Integrating Land Use/Economic Considerations in Transportation Planning

“An essential backbone of regional and national economies, transportation has a myriad of associations and impacts. An understanding of the causal mechanisms behind, and the extent of, these associations and impacts can be vital to defensible and optimal decision-making by budget-constrained transportation agencies. From travel time savings to job creation (both direct and indirect), income growth to property value changes, motor vehicle crashes to air quality and noise impacts, microeconomic choices to macroeconomic shifts, transport policies and investments carry great weight. The notion of trade-offs is fundamental to a solid understanding of economic practice and theory. Salient comparisons include marginal benefits (to travelers and the larger community) versus marginal costs (to suppliers of transport, like TxDOT, as well as those enduring any negative externalized costs). They include maintenance and operations versus new construction, private interests versus social objectives, short-run versus long-term impacts, highways versus transit provision, speeds and flows versus access and connectivity, single-occupant vehicles versus non-motorized modes, trucks versus trains, access to seaports versus airports, local versus regional interests, national versus global interests, and so on. The Encyclopedia, presentations, and reports developed under this project will illuminate all these contexts, in the most straightforward of terms, with meaningful applications to illustrate their value and implications. The first year will be largely devoted to producing a Transportation Economics Encyclopedia (as a practitioner’s desktop reference), and the second year will focus on provision of final case study applications, presentation slides by subject, workshops and a webinar series for bringing the subjects alive to TxDOT personnel, and any others TxDOT wishes to include in this educational process.” (Source: Economic Considerations in Transportation System Development and Operations)

For CTRMA’s full report on this subject, click here.

The Texas A&M Transportation Institute (TTI)

Largely funded by TxDOT, TTI has been an integral part of what is called the Strategic Highway Research Program 2 (SHRP 2) applied research team, addressing some of the nation’s most important needs for our transportation system concerning safety, renewal, reliability and capacity. TTI is currently conducting research in the following areas.

  • SHRP 2 C03: Interactions between Transportation Capacity, Economic Systems and Land Use Merged with Integrating Economic Considerations Project Development: “Transportation planners can use a high-level case-based impact tool developed in this research to gain insight into the potential economic impacts of a transportation project. TTI provided background work supporting the framework aspects and metrics to be considered in the project.”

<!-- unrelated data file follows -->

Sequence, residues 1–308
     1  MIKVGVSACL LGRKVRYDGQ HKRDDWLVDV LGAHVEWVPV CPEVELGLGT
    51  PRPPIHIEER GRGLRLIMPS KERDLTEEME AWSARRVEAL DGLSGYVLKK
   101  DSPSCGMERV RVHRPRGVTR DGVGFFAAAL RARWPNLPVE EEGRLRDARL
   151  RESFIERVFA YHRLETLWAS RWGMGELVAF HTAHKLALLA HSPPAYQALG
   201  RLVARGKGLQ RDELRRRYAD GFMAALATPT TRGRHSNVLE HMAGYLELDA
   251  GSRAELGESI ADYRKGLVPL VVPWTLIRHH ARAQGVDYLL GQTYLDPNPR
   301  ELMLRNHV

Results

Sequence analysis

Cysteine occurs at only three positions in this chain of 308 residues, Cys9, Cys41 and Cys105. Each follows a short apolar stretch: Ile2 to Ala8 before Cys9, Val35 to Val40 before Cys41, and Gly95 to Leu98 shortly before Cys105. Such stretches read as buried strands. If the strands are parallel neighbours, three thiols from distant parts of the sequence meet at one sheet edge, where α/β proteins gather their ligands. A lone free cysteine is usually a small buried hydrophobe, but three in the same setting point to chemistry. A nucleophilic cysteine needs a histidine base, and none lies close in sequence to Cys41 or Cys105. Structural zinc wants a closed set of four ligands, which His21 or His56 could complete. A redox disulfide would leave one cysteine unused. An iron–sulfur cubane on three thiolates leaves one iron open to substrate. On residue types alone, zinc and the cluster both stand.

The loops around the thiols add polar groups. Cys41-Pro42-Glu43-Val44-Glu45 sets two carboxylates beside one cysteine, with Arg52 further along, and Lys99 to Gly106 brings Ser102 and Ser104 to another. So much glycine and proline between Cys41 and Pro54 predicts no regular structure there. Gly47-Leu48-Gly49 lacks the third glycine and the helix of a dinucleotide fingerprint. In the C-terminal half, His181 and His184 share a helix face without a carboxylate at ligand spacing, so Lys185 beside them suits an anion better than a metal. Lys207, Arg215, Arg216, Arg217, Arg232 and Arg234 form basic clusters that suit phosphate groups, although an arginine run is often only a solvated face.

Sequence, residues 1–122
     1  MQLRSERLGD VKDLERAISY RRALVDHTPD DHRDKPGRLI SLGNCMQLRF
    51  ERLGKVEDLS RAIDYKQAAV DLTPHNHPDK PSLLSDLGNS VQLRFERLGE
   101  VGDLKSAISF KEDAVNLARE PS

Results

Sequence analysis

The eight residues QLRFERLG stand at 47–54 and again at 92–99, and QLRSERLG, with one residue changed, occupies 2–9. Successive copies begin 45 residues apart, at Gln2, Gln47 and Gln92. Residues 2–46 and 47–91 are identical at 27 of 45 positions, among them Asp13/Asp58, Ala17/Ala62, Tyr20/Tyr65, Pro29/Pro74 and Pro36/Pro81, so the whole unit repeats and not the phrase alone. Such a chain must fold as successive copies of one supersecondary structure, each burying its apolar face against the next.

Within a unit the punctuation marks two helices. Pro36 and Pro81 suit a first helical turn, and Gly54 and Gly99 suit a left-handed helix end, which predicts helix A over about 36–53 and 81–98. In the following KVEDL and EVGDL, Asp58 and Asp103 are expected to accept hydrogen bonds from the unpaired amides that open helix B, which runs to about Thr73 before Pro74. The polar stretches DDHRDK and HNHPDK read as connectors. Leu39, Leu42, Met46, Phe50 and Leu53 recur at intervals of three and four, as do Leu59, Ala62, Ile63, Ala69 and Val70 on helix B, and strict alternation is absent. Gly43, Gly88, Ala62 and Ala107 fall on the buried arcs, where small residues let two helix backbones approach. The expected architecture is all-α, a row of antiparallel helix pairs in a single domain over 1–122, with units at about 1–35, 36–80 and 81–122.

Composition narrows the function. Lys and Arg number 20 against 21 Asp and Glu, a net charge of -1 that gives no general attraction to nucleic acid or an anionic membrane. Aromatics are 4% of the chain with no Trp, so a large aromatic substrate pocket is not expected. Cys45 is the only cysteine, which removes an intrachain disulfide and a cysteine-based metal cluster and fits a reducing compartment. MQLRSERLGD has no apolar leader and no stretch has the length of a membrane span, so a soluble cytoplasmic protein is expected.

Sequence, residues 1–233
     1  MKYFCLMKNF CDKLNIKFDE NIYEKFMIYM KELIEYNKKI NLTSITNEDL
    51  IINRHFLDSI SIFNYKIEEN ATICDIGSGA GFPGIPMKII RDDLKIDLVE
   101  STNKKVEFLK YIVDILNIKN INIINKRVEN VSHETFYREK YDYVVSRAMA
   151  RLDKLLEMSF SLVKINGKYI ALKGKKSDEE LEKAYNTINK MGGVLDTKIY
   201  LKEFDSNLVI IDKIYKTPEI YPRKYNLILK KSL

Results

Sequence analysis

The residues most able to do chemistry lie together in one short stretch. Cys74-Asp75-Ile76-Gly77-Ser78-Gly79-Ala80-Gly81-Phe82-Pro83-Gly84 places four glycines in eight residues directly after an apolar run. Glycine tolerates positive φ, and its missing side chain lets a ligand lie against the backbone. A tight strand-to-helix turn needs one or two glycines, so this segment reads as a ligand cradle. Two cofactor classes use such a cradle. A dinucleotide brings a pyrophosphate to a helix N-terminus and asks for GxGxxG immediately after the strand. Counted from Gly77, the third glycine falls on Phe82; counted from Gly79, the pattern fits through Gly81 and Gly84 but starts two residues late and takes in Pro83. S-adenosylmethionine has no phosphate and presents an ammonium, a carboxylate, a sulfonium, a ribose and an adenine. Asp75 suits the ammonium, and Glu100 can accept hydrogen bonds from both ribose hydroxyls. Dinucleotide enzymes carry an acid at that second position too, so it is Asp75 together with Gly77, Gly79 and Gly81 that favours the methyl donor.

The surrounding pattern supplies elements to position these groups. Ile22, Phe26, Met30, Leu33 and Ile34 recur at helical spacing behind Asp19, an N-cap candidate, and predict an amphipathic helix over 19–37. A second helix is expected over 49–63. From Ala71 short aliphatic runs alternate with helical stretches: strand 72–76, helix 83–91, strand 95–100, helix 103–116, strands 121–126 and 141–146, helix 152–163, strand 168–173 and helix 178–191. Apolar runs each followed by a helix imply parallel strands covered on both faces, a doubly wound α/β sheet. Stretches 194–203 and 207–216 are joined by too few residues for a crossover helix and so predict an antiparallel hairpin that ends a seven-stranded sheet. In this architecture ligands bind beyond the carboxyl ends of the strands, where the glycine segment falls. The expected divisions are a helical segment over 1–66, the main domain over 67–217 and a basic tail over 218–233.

• SHRP 2 C11: Development of Improved Economic Analysis Tools Based on Recommendations from Project SHRP 2 C03: “TTI helped develop tools to determine the value of access to markets. This information — including where changes in access can be expected and if that access can contribute to economic potential — can help inform decisions about transportation investments and strategies.”

Center for Transportation Research (CTR)

Project Summary

SHRP 2 Project Objectives (click here for source)

  1. Provide a resource to help determine the net changes in the economic systems of an area impacted by a transportation capacity investment. The resource should include, in an economic context, impacts on land use, land value, and the environment
  2. Provide data and results from enough structured cases that project planners in the future can use the cases to demonstrate by analogy the likely impacts of a proposed project or group of projects (plan)
  3. Demonstrate how this fits into collaborative decision making for capacity expansion.

Phase I

Task 1: Conduct a literature review and the field work necessary to determine what stakeholders and decision makers want to know about economic and land use impacts of highway investments.

Task 2: Produce a working paper on what stakeholders and decision makers want to know and describe problems with current approaches that require fundamental research beyond the scope of this RFP. Address their thoughts on how current economic analysis and land use forecasting tools can be improved and the results communicated more convincingly to better satisfy the public and decision makers. Describe what elements appear to be satisfactory and what problems exist. This paper may be used as the basis for a new SHRP 2 research problem statement.

Task 3: Establish liaison with the consultant teams conducting SHRP 2 Project C01, A Framework for Collaborative Decision Making on Additions toHighway Capacity and Project C02, System-based Performance Measurement Framework for Highway Capacity Decision Making. The products of Project C03 must support the collaborative decision-making process being developed under Project C01.